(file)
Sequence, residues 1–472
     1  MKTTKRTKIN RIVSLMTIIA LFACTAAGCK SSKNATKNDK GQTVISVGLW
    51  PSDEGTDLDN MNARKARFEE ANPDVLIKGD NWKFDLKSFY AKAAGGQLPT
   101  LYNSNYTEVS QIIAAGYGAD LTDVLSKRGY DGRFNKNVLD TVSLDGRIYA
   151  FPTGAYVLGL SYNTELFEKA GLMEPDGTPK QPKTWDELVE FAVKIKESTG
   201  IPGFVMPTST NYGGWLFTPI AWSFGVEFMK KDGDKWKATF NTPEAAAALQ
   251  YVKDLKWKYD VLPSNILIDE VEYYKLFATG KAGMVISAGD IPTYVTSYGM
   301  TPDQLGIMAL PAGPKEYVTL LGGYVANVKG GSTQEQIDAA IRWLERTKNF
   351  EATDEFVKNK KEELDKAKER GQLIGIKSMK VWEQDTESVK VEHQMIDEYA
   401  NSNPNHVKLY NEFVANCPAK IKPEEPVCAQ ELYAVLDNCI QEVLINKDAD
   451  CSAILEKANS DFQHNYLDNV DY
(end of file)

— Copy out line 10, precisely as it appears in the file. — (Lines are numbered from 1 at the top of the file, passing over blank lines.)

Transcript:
   401  NSNPNHVKLY NEFVANCPAK IKPEEPVCAQ ELYAVLDNCI QEVLINKDAD